Economic Survey predicts V-shaped recovery, 11% GDP growth

Indian economy
Private investment has not picked up despite Indian economy's stellar performance on the growth front, prompting the government to prod corporates to take the plunge.

The Economic Survey 2020-21, tabled in Parliament on Friday by finance minister Nirmala Sitharaman, presented an optimistic picture of Indian economy. The survey predicted a V-shaped recovery of the economy ravaged by the Covid-19 pandemic and the economic crisis triggered by it. The document predicted a GDP growth rate of 11% in the next financial year beginning April 2011 and a nominal growth rate of 15.4%, the highest recorded since Independence.

The finance minister will present the Union Budget for the financial year 2021-22 on Monday in the Lok Sabha. The robust predictions by the Economic Survey will raise the hopes of major economic packages in Budget 2021 to boost consumption demand and generate jobs in the economy.

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The optimism evident in the Economic Survey came from the expectations of a robust growth in investment and consumption and the prospect of a major recovery in services sector that accounts for more than half of India’s GDP. The double-digit GDP growth is also on account of the low-base effect due to the dismal growth rate in the current financial year, revival in economic activity and the rollout of COVID-19 vaccines in the country.

Economic Survey lauds Modi government

The Economic Survey also credit the revival packages offered by the Narendra Modi government under Atmanirbhar Bharat Mission and the roll back of lockdown measures for the economic upswing. These forecasts are in line with IMF estimates of 6.8% GDP growth in 2020-21 and 11.5% growth in 2021-22. IMF expects India to become the fastest growing economy in the next two years.

India’s mature response to the most severe economic crisis in almost 100 years offers lessons for democracies world over to focus on long-term gains, says the Economic Survey. India had a four-pillar strategy that involved containment, fiscal, financial, and long-term reforms, scripted by the Union government and the Reserve Bank of India.

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The country’s GDP will contract by 7.7% in the current financial year because of a sharp 15.7% fall in first half. Agriculture remained the growth engine of the economy while the crisis took a toll on contact-based services, manufacturing, and construction. The fall was cushioned by high government consumption and exports. The first quarter of the current fiscal saw the economy shrinking by 23.9%, while there was a 7.5% decline in the second quarter. The economy saw a robust V-shaped recovery since July 2020.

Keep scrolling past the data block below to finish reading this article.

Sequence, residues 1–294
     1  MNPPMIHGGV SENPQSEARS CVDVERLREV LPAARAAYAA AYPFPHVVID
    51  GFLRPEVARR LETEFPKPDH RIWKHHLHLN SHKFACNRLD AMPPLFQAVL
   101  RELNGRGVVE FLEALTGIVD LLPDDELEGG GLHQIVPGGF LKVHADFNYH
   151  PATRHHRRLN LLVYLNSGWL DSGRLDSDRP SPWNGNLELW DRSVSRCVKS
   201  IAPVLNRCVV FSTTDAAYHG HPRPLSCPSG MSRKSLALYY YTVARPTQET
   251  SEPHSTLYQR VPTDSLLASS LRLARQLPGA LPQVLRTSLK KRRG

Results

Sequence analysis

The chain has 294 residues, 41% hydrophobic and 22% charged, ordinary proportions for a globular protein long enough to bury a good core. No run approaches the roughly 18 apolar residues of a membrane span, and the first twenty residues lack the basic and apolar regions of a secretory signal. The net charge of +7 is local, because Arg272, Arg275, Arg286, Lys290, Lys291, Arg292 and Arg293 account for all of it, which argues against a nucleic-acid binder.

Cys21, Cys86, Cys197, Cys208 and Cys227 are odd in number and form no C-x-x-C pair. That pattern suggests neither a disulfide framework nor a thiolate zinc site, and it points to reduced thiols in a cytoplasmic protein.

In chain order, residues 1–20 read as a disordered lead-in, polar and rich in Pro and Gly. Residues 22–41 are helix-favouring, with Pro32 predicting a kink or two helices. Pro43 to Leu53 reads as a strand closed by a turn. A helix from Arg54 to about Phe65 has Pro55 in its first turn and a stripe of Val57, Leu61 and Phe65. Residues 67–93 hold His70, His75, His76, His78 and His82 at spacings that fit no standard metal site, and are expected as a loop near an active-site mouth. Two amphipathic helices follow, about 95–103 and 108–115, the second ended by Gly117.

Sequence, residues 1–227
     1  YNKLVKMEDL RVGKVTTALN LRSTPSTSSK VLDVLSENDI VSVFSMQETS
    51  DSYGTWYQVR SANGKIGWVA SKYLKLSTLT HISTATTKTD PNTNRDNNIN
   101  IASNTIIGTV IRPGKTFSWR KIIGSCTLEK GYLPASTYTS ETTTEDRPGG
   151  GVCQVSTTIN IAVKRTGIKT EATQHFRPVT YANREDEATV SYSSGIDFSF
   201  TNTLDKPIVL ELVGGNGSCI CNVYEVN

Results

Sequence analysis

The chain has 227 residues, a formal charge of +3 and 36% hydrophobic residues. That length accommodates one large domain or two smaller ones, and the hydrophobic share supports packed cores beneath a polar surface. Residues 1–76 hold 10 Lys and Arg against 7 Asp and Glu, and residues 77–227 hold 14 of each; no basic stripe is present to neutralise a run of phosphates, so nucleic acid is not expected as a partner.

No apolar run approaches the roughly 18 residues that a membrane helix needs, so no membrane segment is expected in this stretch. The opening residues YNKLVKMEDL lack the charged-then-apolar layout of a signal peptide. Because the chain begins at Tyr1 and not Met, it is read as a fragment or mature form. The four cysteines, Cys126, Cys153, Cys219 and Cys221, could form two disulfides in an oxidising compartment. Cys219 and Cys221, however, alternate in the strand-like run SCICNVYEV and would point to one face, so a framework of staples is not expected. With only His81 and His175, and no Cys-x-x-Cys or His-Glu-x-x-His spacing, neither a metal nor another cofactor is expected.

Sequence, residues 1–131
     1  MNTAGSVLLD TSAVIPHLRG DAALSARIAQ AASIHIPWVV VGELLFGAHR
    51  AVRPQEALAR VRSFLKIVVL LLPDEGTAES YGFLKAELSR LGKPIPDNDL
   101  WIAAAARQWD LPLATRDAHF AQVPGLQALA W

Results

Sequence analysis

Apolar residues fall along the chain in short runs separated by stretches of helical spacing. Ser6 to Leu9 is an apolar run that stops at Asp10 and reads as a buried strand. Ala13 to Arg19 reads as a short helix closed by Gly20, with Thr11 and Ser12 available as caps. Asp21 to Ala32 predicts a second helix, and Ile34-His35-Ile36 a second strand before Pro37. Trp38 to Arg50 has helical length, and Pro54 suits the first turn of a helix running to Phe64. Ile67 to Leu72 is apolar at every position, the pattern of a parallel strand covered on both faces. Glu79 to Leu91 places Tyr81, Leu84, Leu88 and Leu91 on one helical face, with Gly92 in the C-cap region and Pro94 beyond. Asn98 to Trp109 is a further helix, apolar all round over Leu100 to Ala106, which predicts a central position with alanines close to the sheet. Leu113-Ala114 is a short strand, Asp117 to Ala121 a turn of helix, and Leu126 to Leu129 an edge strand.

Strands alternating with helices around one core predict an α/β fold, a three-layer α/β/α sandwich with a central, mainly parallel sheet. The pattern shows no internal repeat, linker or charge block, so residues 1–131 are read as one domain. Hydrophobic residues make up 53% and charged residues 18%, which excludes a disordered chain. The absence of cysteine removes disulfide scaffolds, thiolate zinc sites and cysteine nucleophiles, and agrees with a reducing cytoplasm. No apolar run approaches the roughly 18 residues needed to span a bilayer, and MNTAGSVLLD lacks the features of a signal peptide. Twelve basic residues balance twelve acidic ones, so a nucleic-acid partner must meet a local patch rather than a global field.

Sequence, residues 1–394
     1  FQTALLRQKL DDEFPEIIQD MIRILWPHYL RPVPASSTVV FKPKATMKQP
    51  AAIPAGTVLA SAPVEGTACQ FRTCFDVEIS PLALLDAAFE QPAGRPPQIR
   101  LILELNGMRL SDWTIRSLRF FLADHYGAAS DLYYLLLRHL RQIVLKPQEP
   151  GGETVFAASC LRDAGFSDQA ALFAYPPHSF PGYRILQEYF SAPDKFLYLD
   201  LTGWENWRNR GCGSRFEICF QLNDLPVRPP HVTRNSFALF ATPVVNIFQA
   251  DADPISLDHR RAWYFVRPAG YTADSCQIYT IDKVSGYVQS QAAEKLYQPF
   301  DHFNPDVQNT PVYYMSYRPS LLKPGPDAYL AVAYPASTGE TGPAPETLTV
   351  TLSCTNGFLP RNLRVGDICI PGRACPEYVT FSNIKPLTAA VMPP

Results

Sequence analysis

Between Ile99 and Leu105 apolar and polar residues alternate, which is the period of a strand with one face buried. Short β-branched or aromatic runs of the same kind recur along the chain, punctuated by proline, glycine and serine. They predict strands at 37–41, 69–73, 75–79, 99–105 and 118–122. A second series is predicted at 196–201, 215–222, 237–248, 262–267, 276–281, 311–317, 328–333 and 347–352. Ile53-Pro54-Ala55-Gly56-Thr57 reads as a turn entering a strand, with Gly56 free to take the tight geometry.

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Survey predicts V-shaped manufacturing recovery

The Economic Survey highlights the resilience shown by the manufacturing sector, rural demand. It says agriculture sector cushioned an economic decline with a 3.4% growth in Q1 and Q2. A number of reforms undertaken by the government contributed to the stellar growth of the agricultural sector.

Industrial production also witnessed a V-shaped recovery in the current fiscal. A rebound in manufacturing helped the industrial sector normalise. The services sector also recovered from the depths it hit during the lockdown days, the Economic Survey says.

Credit growth to agriculture and allied sectors rose to 7.4% in October 2020 from 7.1% in the year-ago period. However, there was hardly any recovery in bank credit in FY 2020-21 due to risk aversion and low credit appetite. Sectors such as construction, trade and hospitality saw robust credit growth since October 2020. Bank Credit growth to the services sector picked up in October to 9.5%, compared with 6.5% in the same period previous year.

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Inflation remained high in the April-November period because of high food prices. But it fell back into the RBI’s comfort zone of 4+/-2% in December from 6.9% in November. This was due to a sharp fall in vegetables, cereals, and protein products.

The external sector offered relief to the economy with the country recording a current account surplus of 3.1% of the GDP in the first six months of the year on the back of strong growth in services exports and a fall in imports due to weak demand weak demand. India’s forex reserves rose to cover 18 months of imports in December 2020.

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Anil Nair is Founder and Editor, Policy Circle.